Gloucester, Massachusetts, (population 30,730) is known as America’s oldest seaport. Located on Cape Ann, 30 miles northeast of Boston, the area was first settled in 1623, when men from Dorchester, England, were sent to establish a fishing and trade plantation. Over the years, as fishing declined, the economic base of the city has diversified to include manufacturing, high tech, and tourism.
Gloucester has been deeply involved in efforts to preserve its historic structures and landscapes. An ongoing project for the community has been the restoration of the 1926 Adventure, the last American dory fishing schooner left in the Atlantic. The Gloucester Maritime Heritage Center features the oldest continuously operating marine railway in the country, as well as a 19th century mill building and a former ice house. The center provides insight into the relationship between the city’s maritime industrial history and the health of the New England fisheries.
The Cape Ann Museum includes exhibits on the fishing and granite industries and work by local and visiting artists. The museum owns the White-Ellery House, built in 1710. This First Period structure is featured on Seventeenth-Century Saturdays, opening to the public on the first Saturday of the month from June through October. The Sargent House, built in 1782, has been a museum since 1917. It was the home of Judith Sargent Murray, an early feminist author, whose second husband, John Murray, founded the first Universalist Church in America. The 1806 church, across the street, is a splendid example of vernacular architecture and has been a beacon to mariners since it was built.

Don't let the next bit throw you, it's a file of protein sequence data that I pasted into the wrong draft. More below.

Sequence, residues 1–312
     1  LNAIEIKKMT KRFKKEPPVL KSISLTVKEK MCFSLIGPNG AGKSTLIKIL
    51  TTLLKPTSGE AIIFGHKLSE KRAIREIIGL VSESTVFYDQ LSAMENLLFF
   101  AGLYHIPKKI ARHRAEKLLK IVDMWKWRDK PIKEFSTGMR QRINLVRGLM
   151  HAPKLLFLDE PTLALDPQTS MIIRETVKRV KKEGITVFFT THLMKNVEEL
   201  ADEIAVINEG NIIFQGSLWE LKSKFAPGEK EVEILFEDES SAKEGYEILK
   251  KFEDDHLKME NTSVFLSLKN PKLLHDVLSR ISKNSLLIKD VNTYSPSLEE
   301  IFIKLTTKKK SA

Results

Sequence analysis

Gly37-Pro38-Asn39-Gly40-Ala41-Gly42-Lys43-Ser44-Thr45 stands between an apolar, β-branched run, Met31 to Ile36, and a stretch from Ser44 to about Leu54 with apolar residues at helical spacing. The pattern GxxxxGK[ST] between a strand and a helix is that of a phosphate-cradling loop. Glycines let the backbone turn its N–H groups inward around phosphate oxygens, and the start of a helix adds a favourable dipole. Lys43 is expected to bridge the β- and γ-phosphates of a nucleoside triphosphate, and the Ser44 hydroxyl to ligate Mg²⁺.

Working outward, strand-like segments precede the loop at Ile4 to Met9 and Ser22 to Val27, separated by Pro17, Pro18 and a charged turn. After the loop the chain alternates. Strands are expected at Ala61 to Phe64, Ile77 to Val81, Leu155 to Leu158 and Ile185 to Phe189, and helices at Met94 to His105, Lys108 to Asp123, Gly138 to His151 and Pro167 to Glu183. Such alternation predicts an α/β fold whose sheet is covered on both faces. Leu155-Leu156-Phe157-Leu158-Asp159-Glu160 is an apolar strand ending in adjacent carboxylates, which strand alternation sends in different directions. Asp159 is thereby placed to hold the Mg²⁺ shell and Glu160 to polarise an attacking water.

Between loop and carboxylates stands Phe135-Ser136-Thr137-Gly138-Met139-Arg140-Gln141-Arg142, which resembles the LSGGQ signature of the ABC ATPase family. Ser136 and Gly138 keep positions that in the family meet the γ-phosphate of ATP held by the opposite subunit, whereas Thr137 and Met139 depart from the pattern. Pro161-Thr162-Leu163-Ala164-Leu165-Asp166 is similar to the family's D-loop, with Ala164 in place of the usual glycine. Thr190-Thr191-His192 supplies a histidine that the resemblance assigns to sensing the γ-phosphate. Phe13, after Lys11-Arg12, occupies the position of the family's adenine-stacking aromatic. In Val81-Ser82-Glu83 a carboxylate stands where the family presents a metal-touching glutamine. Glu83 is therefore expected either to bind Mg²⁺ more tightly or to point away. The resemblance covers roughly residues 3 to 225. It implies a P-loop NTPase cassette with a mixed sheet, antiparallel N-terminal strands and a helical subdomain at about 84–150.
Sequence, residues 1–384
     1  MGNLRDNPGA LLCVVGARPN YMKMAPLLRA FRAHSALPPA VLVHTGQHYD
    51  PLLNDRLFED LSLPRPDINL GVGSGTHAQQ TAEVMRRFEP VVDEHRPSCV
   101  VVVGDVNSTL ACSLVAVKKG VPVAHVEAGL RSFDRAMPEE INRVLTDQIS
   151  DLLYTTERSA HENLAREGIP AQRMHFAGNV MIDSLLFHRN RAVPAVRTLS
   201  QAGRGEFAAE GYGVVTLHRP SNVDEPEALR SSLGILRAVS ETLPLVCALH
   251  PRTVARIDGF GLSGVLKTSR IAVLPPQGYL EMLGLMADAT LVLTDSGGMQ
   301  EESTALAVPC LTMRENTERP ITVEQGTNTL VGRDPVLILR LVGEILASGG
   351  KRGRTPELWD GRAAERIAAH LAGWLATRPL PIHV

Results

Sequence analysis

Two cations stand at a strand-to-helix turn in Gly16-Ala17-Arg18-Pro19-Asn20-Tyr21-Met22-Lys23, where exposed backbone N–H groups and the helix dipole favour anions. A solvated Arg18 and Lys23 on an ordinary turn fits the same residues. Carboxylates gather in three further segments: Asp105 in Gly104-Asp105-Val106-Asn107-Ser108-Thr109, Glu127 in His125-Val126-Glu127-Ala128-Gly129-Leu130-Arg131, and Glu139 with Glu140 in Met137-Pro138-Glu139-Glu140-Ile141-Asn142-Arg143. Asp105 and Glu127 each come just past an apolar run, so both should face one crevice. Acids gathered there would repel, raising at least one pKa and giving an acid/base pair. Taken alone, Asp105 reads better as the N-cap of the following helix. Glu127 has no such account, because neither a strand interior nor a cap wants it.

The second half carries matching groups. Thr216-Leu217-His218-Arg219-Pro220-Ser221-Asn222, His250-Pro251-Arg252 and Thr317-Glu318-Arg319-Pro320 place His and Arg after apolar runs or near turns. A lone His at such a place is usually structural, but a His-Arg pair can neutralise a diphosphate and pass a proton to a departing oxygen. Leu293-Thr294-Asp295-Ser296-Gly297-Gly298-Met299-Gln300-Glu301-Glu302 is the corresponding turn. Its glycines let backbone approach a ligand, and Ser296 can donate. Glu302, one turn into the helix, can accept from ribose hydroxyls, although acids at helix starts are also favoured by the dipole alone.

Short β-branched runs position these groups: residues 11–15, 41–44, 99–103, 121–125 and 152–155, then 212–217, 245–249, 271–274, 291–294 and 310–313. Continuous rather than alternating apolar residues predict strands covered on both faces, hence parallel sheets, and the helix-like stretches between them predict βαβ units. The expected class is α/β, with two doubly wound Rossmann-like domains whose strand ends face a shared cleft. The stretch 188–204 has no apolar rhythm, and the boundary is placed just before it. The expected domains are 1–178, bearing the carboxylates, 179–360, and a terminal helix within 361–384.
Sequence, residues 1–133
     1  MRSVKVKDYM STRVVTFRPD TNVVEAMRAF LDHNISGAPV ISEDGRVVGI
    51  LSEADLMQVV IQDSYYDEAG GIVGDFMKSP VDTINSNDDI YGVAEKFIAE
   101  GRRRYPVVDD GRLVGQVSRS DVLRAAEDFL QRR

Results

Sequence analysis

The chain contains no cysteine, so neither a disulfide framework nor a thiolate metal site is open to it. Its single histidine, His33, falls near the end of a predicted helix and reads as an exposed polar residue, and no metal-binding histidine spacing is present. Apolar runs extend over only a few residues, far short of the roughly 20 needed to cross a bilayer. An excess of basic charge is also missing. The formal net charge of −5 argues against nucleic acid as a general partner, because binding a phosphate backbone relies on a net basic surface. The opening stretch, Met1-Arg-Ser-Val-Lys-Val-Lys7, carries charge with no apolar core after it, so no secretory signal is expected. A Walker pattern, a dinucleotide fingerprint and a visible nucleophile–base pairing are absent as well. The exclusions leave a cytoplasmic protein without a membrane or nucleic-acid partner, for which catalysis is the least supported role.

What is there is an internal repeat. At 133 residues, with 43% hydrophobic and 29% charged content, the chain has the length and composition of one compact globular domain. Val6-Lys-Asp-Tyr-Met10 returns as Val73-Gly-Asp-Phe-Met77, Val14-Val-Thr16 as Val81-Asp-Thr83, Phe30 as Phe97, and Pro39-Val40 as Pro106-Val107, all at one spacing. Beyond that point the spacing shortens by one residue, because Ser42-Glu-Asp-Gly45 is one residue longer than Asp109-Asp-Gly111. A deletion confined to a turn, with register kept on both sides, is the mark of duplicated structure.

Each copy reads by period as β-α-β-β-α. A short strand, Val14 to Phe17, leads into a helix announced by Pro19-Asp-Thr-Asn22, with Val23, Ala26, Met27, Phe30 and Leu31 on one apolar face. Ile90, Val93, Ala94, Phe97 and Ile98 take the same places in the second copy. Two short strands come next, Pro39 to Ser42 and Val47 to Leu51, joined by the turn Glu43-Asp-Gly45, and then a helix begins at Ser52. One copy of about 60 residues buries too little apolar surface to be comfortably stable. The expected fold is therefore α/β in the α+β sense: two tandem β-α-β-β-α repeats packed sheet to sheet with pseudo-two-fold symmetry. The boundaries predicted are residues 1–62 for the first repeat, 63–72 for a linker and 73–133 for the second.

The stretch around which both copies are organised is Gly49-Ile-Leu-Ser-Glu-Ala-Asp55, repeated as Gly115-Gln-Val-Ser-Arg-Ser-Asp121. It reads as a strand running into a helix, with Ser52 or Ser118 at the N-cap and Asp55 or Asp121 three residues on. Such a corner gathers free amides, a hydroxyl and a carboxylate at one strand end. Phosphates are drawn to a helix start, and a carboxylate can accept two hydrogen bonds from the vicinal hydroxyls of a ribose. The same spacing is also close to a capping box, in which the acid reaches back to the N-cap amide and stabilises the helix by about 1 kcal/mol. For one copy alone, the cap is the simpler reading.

City Hall, dedicated in 1871 as Town Hall, is a fine example of post-Civil War era municipal architecture. It contains a collection of New Deal murals, some designed for the building and some rescued from demolished or renovated school buildings.
The Rocky Neck Art Trail consists of 12 locations where famous artists painted iconic pictures of the American scene or had summer studios. These artists include Gloucester’s own Fitz Henry Lane, and Edward Hopper, Marsden Hartley, Winslow Homer, and John Sloan. The Rocky Neck Art Colony Web site provides details on the featured sites.
Along Stacy Boulevard is one of the most famous statues in America--the Man at the Wheel--erected in celebration of Gloucester’s 300th anniversary in 1923. A more recent statue symbolizes the women and children who wait for the men to return.
Modern Gloucester has three lighthouses, with three more in Rockport, once part of Gloucester. The city’s heritage resources are featured in a Maritime History of Massachusetts National Register Travel Itinerary (Gloucester and Rockport have 10 of the 22 featured sites in Essex County) and in the Essex National Heritage Area Maritime Guide.
Designated a Preserve America Community in November 2005.
For more information
City of Gloucester Historic District Commission
National Register Travel Itinerary - Maritime History of Massachusetts